Big cats hunt livestock when wild prey is scarce | Science News

ADVERTISEMENT

MISSION CRITICAL

Support credible science journalism.

Subscribe to Science News today.



Wild Things

The weird and wonderful in the natural world
Sarah Zielinski
Wild Things

Big cats hunt livestock when wild prey is scarce

tiger

Tigers and other big cats will eat their natural, wild prey when it’s plentiful. Only after their prey starts disappearing do they switch to a diet of livestock, a new study finds.

Sponsor Message

If farmers don’t want big cats to kill their livestock, they should make sure that the kitties have enough wild prey to eat. Lions, tigers and other big cats tend to hunt cattle, goats and sheep only after their regular prey has fallen below certain thresholds, a new study finds.

The seven species that make up the big cats — lions, tigers, jaguars, cougars, leopards, snow leopards and cheetahs — are favorites for those of us who only encounter them in zoos or on safari. But people who have to live with these animals aren’t often fans. It’s not good for farmers when the cats kill animals in their herds, and it’s not good for the kitties, since people sometimes kill the big cats in retaliation or to prevent more attacks.

But studies have suggested that the cats aren’t killing livestock willy-nilly and that the animals would prefer their natural, wild diet. So Igor Khorozyan and colleagues at the Georg-August University of Göttingen in Germany wondered if what the balance was between a wild diet and the easy prey of a livestock herd. They gathered data on the seven big cats from more than 100 studies and applied some statistical analyses. They report their findings in the December issue of Biological Conservation.

“The probability of livestock killing by big cats significantly increased when prey biomass fell below minimum thresholds,” the team writes. When that “prey biomass” fell below 812 kilograms per square kilometer, the cats started killing cattle in higher numbers. And when the level fell below 545 kilograms per square kilometer, cats went for the smaller goats and sheep. (The numbers aren’t easily translated into numbers of animals per area because prey come in a variety of sizes. But they will be useful for people who manage animals and lands.)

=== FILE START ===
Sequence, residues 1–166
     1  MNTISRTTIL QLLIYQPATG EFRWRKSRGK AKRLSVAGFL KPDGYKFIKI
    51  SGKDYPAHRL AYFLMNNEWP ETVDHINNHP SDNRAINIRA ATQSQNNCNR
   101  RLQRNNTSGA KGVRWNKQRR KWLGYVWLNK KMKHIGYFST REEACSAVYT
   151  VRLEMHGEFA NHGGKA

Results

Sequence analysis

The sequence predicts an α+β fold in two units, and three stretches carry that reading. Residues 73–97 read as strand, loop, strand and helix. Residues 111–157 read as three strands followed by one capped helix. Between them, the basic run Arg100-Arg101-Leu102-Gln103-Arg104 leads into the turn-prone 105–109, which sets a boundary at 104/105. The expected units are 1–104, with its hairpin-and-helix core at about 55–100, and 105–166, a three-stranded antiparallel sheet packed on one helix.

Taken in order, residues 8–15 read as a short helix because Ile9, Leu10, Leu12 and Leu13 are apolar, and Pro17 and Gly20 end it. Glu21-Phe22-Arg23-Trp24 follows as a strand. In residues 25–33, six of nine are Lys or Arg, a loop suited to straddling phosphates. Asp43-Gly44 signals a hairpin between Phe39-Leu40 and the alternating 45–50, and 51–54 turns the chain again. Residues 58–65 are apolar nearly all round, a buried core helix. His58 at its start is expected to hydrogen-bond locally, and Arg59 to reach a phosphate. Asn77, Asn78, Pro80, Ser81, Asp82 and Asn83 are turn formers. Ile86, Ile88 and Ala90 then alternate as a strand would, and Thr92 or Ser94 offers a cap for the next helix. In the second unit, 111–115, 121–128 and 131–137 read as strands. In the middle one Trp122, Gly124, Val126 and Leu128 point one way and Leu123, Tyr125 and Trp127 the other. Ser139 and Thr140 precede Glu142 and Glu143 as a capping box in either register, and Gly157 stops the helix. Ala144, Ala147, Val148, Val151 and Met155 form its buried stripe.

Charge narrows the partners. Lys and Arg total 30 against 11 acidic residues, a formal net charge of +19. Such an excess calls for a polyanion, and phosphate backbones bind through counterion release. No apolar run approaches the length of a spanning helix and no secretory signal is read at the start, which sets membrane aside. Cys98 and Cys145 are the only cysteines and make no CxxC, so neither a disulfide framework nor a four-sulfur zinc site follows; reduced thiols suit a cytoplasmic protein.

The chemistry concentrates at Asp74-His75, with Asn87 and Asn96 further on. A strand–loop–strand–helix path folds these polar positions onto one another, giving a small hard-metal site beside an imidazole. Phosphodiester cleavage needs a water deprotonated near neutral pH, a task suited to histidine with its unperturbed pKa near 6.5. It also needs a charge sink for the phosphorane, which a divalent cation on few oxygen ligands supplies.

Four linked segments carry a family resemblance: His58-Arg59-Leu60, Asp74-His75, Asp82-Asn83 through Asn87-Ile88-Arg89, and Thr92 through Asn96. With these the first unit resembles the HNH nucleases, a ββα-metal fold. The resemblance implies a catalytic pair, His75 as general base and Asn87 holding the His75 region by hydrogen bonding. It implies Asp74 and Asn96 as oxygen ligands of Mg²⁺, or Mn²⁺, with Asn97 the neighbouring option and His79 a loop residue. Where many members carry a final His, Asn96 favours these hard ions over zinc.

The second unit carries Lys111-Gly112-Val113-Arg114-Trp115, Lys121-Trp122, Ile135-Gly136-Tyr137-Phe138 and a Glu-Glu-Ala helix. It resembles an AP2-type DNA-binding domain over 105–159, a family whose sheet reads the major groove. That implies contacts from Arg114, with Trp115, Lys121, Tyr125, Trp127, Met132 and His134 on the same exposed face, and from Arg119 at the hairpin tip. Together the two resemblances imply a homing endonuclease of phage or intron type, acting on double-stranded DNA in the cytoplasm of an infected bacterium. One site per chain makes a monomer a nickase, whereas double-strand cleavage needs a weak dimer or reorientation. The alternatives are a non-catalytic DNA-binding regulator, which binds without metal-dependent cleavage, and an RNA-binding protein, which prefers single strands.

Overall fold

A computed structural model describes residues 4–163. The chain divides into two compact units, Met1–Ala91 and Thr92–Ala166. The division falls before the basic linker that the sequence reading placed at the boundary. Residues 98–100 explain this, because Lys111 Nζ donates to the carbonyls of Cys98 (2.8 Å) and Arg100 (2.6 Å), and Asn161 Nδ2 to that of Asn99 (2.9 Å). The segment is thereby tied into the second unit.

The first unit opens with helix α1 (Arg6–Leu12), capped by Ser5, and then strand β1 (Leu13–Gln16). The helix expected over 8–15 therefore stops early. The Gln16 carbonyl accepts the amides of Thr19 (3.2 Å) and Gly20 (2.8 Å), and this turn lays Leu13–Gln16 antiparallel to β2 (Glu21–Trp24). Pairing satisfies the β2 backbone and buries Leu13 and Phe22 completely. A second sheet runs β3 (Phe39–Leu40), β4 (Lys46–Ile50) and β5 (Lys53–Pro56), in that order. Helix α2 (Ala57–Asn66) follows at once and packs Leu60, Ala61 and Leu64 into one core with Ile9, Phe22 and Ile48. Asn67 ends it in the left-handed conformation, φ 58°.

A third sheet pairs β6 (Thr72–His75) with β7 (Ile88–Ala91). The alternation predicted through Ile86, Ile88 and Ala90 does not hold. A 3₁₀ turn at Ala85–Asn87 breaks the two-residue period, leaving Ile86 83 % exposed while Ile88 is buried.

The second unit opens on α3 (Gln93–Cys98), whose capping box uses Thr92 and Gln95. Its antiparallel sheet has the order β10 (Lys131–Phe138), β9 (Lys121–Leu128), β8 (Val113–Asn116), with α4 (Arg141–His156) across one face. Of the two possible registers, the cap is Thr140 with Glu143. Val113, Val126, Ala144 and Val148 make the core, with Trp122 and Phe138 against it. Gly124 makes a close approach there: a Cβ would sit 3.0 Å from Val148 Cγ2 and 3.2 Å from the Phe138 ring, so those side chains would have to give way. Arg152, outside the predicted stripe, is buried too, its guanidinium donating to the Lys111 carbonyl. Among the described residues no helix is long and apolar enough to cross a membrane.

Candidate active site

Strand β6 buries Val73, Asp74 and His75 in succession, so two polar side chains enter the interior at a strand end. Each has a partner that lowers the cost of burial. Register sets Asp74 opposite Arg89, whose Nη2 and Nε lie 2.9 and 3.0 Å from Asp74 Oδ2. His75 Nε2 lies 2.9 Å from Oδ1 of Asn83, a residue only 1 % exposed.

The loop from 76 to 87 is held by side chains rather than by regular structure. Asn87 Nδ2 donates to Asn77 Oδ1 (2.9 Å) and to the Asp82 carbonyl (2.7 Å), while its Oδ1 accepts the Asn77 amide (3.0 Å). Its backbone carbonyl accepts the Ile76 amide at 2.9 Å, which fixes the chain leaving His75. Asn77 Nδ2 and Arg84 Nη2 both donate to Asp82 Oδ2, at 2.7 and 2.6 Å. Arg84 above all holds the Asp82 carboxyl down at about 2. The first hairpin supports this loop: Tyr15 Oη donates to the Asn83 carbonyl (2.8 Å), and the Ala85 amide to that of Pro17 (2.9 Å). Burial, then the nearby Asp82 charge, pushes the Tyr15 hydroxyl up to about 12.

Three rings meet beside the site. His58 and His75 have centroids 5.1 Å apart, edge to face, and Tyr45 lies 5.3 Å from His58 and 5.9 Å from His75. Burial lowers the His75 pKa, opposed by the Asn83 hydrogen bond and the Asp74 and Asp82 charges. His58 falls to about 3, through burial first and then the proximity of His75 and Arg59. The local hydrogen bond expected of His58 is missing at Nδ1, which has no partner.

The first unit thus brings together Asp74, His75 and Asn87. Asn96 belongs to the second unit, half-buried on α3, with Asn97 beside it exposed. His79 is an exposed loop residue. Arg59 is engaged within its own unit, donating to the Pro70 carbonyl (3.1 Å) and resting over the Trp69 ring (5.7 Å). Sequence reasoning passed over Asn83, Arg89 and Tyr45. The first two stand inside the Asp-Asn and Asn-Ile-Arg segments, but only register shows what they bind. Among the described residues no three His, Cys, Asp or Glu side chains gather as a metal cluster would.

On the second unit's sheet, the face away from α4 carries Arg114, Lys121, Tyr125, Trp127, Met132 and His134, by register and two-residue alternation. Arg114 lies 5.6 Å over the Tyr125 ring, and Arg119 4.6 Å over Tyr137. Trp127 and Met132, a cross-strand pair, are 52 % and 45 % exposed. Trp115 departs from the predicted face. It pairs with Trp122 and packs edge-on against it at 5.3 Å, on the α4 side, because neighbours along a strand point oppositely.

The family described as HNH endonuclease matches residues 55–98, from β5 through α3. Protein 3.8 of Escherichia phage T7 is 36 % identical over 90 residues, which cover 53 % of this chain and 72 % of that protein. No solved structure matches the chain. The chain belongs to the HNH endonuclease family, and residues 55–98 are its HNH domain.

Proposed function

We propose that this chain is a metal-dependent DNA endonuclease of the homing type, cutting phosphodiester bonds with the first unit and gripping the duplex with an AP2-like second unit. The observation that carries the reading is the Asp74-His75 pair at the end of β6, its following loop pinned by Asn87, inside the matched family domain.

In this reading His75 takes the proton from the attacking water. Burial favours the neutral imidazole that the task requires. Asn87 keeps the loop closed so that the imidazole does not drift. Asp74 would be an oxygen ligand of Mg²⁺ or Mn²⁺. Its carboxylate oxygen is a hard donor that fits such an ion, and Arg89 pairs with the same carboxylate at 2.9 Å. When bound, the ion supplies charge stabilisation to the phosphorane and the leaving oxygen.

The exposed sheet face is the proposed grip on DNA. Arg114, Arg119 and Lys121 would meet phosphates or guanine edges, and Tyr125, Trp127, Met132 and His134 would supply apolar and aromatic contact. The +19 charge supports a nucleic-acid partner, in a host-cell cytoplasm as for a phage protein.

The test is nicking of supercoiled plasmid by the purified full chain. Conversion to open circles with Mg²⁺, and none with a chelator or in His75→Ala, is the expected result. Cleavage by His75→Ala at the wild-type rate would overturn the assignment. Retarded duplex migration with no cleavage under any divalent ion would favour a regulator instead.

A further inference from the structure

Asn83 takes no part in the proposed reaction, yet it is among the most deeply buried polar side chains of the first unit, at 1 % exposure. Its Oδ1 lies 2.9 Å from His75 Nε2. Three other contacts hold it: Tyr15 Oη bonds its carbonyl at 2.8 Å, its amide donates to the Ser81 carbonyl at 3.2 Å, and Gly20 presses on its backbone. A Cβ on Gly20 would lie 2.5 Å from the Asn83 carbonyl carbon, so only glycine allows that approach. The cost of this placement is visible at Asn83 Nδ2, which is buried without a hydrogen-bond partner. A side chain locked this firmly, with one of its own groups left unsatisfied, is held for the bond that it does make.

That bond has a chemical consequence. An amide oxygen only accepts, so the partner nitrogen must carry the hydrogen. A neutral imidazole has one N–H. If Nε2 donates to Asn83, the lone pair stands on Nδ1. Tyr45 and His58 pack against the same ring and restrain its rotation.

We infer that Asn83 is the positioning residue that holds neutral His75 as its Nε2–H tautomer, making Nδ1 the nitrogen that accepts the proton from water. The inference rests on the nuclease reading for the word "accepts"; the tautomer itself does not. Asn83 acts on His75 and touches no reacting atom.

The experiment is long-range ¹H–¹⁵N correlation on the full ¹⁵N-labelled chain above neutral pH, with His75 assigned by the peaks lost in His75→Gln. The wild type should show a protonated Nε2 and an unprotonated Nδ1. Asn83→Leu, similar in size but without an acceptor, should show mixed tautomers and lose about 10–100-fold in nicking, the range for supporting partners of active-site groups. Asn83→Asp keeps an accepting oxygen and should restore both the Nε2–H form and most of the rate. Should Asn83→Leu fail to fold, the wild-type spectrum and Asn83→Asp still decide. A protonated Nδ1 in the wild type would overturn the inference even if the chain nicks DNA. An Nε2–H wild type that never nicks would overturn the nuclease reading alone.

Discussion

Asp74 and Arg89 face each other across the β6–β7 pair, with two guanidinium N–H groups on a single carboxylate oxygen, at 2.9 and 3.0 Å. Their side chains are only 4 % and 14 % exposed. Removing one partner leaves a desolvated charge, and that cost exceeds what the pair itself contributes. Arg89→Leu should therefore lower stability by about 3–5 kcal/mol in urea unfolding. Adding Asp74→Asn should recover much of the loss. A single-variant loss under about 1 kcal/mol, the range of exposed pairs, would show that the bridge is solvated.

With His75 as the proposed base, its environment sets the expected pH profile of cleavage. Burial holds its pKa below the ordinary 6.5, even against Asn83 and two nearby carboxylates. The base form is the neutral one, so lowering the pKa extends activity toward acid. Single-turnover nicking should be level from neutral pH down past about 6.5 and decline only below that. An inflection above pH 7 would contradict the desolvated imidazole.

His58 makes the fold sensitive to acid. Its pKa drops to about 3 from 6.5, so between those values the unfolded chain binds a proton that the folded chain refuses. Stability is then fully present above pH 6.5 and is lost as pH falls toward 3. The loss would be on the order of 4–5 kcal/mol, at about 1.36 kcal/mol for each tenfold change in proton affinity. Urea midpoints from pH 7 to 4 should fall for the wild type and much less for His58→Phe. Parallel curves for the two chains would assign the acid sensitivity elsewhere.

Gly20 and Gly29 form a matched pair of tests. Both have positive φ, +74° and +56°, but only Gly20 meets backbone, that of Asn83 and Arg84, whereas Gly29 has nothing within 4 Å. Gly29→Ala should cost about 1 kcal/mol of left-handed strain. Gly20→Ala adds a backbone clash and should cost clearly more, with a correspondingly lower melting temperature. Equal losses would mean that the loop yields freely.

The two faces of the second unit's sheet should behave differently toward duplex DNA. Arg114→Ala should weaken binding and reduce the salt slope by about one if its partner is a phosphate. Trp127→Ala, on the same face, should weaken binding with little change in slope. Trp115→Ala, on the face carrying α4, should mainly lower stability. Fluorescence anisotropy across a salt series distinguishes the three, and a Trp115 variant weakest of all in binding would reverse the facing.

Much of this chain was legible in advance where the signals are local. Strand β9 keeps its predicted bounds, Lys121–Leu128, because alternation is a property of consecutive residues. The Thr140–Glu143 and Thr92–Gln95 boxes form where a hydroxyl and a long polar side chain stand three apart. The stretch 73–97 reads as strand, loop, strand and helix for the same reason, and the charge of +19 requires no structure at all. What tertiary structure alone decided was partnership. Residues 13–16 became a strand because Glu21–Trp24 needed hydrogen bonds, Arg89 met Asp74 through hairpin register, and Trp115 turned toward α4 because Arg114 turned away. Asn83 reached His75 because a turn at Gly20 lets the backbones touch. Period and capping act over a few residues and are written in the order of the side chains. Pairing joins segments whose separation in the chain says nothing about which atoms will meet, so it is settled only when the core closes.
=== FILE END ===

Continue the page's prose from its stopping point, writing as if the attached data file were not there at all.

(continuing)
When the kitties’ prey starts becoming scarce, the cats start hunting the easiest and most-profitable animal alternatives — cattle. When even the cattle can’t compensate for the cats’ missing prey, then the cats go after the smaller goats and sheep. In other words, it appears that big cats don’t really want to kill livestock as a first choice for dinner, but they will if they have few other alternatives.

The researchers found a few exceptions to this trend, such as when big cats were able to supplement the lack of their regular prey with other, non-livestock species, like giant anteaters or domestic dogs. But the livestock trend held for all seven of the cats, and it showed why in some protected areas in India, Nepal and South Africa, big cats tend not to kill livestock: They have plenty of wild animals to eat. 

Get Science News headlines by e-mail.

More from Science News

From the Nature Index Paid Content